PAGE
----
A relevant consideration in cases involving fighting is whether the conduct occurred outside working hours and the effect that such conduct has on the employment of the persons involved. The cases considering these issues were considered by Vice President Ross (as he then was) in Rose v Telstra Corporation Limited where his Honour observed:

“There is some support for the proposition that the existence of an implied term of trust and confidence in contracts of employment has been accepted in Australia.

The words ‘trust and confidence’ in this context are used in a contractual sense rather than as an ingredient of a personal relationship. As McCarry notes:

‘…the words ‘trust and confidence’, just like the employee’s reciprocal duties of ‘fidelity and good faith’ do not now refer to the ingredients of a personal relationship, even if they once did. The words now represent, in shorthand form, a bundle of legal rights which have more to do with modes of behaviour which allow work to proceed in a commercially and legally correct manner than with ingredients in an interpersonal relationship.’

Out of Hours Conduct

His Honour stating that:

“It is clear that in certain circumstances an employee’s employment may be validly terminated because of out of hours conduct but such circumstances are limited:

  • The conduct must be such that viewed objectively, it is likely to cause serious damage to the relationship between the employer and the employee; or
  • The conduct damages the employer’s interests; or
  • The conduct is incompatible with the employee’s duty as an employee.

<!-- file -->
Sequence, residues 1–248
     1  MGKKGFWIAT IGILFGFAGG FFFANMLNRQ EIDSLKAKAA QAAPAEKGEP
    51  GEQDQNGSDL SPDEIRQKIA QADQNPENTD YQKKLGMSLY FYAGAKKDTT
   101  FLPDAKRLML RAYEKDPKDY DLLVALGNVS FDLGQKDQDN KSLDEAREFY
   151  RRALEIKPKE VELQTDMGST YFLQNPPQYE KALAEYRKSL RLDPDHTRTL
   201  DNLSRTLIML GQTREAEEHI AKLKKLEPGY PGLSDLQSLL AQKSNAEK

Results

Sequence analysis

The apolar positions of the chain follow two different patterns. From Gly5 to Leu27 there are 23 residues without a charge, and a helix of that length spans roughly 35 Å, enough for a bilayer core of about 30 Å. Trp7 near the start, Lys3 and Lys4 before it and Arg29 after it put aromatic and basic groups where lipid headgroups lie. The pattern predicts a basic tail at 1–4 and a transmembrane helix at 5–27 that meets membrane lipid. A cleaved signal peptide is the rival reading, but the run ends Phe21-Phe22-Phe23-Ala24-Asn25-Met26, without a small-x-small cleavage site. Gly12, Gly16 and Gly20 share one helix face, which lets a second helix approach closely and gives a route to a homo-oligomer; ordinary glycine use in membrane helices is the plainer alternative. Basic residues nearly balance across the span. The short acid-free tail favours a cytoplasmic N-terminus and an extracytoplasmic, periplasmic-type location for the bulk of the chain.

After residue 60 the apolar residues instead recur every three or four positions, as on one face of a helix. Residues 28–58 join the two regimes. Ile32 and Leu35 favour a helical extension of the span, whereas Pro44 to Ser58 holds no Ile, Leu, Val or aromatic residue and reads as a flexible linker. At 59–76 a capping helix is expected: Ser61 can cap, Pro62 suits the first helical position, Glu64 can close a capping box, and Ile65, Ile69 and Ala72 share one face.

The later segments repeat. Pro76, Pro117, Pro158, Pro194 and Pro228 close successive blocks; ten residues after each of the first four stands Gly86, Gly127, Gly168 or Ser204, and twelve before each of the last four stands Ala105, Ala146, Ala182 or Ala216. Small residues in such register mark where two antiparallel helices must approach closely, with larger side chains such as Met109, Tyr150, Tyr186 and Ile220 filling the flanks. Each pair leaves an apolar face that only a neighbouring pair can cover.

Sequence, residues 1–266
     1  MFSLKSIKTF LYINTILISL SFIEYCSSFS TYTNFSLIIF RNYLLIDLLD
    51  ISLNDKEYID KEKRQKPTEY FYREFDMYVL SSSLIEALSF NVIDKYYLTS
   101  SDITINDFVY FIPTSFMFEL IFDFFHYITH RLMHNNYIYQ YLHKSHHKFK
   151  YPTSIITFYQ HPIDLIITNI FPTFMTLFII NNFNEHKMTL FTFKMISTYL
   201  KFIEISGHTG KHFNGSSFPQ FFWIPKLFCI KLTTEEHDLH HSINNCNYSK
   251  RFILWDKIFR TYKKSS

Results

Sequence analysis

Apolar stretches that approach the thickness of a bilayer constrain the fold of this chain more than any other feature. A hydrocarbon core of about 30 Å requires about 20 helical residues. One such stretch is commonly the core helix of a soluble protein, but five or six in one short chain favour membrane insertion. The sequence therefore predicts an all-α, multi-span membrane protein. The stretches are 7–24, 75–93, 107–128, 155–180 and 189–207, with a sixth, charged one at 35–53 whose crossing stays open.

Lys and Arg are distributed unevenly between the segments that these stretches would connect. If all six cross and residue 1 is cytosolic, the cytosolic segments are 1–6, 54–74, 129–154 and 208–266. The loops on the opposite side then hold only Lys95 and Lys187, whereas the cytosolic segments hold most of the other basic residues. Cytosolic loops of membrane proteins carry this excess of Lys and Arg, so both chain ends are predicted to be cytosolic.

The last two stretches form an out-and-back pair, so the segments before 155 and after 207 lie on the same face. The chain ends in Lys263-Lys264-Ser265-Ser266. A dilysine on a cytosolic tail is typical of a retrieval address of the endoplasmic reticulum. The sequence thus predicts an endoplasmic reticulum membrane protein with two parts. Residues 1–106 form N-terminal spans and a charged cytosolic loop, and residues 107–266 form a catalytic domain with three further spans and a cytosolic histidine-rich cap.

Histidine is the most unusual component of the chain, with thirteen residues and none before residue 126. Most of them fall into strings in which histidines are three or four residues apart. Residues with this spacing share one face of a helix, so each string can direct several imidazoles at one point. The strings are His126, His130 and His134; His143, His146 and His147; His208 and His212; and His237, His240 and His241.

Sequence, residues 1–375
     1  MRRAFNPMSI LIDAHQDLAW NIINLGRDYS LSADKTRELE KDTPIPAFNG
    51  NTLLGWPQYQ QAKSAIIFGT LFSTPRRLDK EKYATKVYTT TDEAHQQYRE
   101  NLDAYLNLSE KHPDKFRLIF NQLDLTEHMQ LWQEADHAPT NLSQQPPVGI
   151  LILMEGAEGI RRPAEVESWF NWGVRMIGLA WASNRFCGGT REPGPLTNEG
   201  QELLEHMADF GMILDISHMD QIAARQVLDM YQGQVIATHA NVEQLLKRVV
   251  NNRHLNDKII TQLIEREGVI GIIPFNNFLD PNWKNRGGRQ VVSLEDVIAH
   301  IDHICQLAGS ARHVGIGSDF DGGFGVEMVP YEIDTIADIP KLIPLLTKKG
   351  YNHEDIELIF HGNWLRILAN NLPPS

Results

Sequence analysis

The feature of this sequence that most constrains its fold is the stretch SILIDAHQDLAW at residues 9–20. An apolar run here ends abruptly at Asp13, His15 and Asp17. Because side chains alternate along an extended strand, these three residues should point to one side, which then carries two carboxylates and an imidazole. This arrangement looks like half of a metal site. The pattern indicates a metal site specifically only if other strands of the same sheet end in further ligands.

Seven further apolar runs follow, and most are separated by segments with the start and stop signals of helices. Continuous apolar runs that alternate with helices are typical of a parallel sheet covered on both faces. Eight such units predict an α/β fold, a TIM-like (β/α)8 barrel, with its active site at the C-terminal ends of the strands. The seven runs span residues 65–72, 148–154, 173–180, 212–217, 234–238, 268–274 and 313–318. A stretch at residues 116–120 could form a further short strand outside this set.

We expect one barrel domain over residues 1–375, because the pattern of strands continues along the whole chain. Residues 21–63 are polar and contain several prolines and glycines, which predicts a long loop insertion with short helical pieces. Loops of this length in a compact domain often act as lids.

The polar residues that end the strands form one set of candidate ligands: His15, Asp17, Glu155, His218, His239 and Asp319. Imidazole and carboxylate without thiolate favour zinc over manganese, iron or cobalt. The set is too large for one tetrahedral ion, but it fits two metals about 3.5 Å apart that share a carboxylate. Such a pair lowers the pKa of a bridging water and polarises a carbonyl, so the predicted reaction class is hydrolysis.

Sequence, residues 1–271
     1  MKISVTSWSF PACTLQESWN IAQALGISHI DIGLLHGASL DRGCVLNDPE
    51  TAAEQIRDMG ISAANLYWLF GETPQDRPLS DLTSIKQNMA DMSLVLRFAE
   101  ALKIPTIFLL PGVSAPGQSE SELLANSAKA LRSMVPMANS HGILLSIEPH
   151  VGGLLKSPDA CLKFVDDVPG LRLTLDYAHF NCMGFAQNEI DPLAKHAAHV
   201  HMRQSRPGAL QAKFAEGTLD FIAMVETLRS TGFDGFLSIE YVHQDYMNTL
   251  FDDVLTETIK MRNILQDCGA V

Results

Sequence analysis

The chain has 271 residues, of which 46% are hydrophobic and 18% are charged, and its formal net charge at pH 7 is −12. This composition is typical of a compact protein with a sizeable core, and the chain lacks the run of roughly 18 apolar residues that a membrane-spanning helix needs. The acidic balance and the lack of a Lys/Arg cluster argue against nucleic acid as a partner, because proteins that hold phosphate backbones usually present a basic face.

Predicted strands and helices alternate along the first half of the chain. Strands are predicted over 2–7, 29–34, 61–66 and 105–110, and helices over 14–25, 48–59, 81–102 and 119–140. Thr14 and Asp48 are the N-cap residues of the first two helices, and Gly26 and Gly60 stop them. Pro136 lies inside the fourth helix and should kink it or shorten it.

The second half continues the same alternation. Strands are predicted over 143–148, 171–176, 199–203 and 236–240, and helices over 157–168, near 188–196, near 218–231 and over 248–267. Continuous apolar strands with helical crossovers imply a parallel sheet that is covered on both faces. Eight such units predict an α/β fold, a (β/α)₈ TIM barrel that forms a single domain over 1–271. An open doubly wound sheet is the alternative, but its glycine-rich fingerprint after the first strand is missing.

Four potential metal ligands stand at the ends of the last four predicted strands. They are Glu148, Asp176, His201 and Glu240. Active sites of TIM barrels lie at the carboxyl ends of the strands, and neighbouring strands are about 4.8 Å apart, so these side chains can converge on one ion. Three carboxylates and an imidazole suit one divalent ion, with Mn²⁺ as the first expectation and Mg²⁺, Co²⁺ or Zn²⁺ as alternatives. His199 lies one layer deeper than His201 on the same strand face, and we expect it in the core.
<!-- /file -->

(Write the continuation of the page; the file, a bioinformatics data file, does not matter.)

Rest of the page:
“In essence the conduct complained of must be of such gravity or importance as to indicate a rejection or repudiation of the employment contract by the employee.

“Absent such considerations an employer has no right to control or regulate an employee’s out of hours conduct.”

Harsh, Unjust, Unreasonable

The matters in s.387 go to both substantive and procedural fairness and it is necessary to weigh each of those matters in any given case, and decide whether on balance, a dismissal is harsh, unjust or unreasonable. A dismissal may be:

  • Harsh – because of its consequences for the personal and economic situation of the employee, or because it is disproportionate to the gravity of the misconduct;
  • Unjust – because the employee was not guilty of the misconduct on which the employer acted; and/or
  • Unreasonable – because it was decided on inferences that could not reasonably have been drawn from the material before the employer.

In the present case, His Honour noted that:

  • Where an employee physically assaults a work colleague in a public place in the presence of other work colleagues, the assault may be conduct that is likely to cause serious damage to the relationship between the employer and the employee. It may also breach company policies or procedures such as …Charter Values and Code of Conduct.
  • Other employees of [the company] should not be put in a position where they witness an assault or are caught in the middle of it[One employee’s] description of punches that were so close to her face that they nearly hit her evidences the danger to bystanders when they are in the vicinity of a physical altercation.